6.-- The sixth and last things are the Vessels, which consist of Veins, Nerves, and Arteries; of which some pass by the skin, and are visible to the eye, and others pass more inwardly. For indeed the arteries are dispersed through the body of the yard much more than the veins, and the dispersion is contrariwise, the right artery being dispersed to the left side, and the left to the right; as for the two nerves, the greater is bestowed upon the muscles and the body of the yard, and the least upon the skin.

What I have hitherto said relates to the yard, properly so called; but because there are some Appendices belonging thereto, which, when wanted, render the yard of no use in the act of generation, it will also be necessary before I conclude this section, to say something of them -- I mean the stones, or testicles, so called, because they testify the person to be a man; their number and place is obvious; and as to their use, in them the blood brought thither by the spermatic arteries is elaborated into seed. They have coats or coverings of two sorts, proper and common; the common are two, and invest both the testes; the outer-most of the common coats, consist of the Cuticula, or true skin, called Scrotum, hanging out of the abdomen, like a purse; the Membrana Carnosa is the innermost. The proper coats are also two; the outer called Elithroidis or Vaginalis, the inner Albugien; into the outer are inserted the cremasters; to the upper part of the testes are fixed the Epididymides, or Parastatæ, from whence arise the Vasa Deferentia, or Ejaculatoria; which, when they approach near the neck of the bladder, deposit the seed into the Vesiculæ Seminales, which are each, or two or three of them, like a bunch of grapes, and emit the seed into the Urethra, in the act of copulation. Near those are the Prostatæ, which are about the bigness of a walnut, and join to the neck of the bladder. These afford an oily, slippery and salt humour, to besmear the Urethra, and thereby defend it from the acrimony of the seed and urine. Besides these vessels, by which the blood is conveyed to the testes, or of which the seed is made, and the arteries spermaticæ, there are also two; and so likewise are the veins which carry out the remaining blood, which are called venæ spermaticæ.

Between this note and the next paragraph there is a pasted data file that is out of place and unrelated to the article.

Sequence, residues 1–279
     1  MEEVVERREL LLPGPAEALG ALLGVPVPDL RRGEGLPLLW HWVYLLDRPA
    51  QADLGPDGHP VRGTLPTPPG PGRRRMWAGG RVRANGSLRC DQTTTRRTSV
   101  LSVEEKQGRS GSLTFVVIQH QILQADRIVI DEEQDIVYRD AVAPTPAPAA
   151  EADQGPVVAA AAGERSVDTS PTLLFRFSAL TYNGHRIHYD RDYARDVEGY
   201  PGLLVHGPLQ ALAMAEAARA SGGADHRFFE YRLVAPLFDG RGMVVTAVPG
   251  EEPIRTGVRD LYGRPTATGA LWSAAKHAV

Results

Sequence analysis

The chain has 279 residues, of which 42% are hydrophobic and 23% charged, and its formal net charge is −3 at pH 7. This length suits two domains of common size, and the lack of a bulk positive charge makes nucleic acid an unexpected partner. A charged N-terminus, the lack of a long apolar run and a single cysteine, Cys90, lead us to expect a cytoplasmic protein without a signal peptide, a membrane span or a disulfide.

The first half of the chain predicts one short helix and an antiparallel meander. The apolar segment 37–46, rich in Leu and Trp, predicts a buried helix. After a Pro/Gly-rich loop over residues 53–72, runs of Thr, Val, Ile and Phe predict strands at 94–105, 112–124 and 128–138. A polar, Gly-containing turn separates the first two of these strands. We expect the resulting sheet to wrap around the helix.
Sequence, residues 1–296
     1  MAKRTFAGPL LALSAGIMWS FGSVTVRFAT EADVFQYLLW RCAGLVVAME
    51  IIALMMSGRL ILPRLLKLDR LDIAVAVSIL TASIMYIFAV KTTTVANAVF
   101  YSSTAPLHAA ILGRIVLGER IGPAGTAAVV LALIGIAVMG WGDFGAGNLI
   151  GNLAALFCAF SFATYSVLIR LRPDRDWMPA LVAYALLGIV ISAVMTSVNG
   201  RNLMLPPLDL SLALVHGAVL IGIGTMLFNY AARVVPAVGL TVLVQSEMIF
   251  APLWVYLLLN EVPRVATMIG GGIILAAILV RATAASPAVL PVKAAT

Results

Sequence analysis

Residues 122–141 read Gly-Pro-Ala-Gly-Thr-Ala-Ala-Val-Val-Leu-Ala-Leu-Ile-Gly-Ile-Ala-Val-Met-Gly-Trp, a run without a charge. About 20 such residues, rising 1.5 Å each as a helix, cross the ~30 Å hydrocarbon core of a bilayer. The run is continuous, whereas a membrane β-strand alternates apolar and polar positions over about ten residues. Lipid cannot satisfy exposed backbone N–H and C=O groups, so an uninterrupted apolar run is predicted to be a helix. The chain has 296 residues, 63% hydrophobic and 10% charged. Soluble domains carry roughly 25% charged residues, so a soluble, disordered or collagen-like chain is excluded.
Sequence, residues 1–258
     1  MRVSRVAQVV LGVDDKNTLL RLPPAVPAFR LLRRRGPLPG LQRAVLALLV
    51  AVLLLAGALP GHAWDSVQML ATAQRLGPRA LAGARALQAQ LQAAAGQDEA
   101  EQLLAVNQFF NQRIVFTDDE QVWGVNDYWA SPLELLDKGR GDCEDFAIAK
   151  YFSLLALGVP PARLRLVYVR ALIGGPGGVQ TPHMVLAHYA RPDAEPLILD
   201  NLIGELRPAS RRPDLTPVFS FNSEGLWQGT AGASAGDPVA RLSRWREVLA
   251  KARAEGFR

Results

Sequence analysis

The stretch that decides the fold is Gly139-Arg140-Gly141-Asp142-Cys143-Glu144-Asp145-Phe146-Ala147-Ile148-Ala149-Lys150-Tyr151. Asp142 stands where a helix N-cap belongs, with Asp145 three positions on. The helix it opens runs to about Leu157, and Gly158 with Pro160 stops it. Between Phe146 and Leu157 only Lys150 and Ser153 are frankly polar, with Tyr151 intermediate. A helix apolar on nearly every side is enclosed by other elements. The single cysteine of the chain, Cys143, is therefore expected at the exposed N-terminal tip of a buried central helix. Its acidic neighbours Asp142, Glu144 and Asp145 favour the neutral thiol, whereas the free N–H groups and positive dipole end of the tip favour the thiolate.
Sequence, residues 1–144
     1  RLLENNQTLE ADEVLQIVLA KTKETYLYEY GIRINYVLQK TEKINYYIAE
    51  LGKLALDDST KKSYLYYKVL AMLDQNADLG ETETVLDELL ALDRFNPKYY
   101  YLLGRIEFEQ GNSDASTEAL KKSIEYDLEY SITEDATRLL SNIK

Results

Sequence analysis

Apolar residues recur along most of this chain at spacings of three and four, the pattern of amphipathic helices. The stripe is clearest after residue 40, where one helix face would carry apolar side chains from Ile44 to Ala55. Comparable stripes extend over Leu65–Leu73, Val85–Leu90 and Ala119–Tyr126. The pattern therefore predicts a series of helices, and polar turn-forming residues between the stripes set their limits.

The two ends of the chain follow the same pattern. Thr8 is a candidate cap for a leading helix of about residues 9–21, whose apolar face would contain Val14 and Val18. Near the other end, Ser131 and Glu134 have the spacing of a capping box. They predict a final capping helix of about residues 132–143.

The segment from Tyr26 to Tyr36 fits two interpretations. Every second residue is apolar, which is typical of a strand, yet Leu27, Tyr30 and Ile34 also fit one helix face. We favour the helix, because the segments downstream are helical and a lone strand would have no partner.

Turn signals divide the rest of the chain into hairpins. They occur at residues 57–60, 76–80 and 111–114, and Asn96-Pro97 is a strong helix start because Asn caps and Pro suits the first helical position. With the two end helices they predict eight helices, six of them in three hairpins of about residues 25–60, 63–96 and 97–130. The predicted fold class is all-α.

And thus man's nobler parts we see,
For such the parts of generation be;
And they that carefully survey will find
Each part is fitted for the use design'd
The purest blood, we find, if well we heed,
is in the testicles turn'd into seed.
Which by most proper channels is transmitted
Into the place by Nature for it fitted;
With highest sense of pleasure to excite
In amorous combatants the more delight.
For Nature does in this work design
Profit and pleasure in one act to join.


SEC. II.-- Of the secret Parts in Woman.

WOMAN, next to man, the noblest piece of this creation, is bone of his bone and flesh of his flesh, a sort of second self; and in a married state are accounted but one; As the poet says,

Man and wife are but one right
Canonical hermaphrodite.


It is therefore the secret parts of that curious piece of Nature that we are to lay open, which we will do with as much modesty as will consist with speaking intelligibly.

The external parts, commonly called Pudenda (from the shamefacedness that is in women to have them seen) are the lips of the great orifice, which are visible to the eye; and in those that are grown, are covered with hair, and have pretty store of spongy fat; their use being to keep the internal part from all annoyance by outward accidents.

Within these are the nymphae, or wings, which present themselves to the eye when the lips are severed, and consist of soft and spongy flesh, and the doubling of the skin placed at the sides of the neck; they compass the clitoris, and both in form and colour resemble the comb of a cock, looking fresh and red, and in the act of coition receive the penis or yard between them; besides which they give passage both to the birth and urine. The use of the wings and knobs like myrtle berries, shutting the orifice and neck of the bladder, and by the swelling up, cause titulation and delight in those parts, and also to obstruct the involuntary passage of the urine.

The next thing is the clitoris, which is a sinewy and hard part of the womb, replete with spongy and black matter within, in the same manner as the side ligaments of the yard; and indeed resembles it in form, suffers erection and falling in the same manner, and both stirs up lust, and gives delight in copulation; for without this, the fair sex neither desire nuptial embraces, nor have pleasure in them, nor conceive by them; and according to the greatness or smallness of this part, they are more or less fond of men's embraces; so that it may properly be styled the seat of lust.


Blowing the coals of these amorous fires,
Which youth and beauty to be quench'd requires.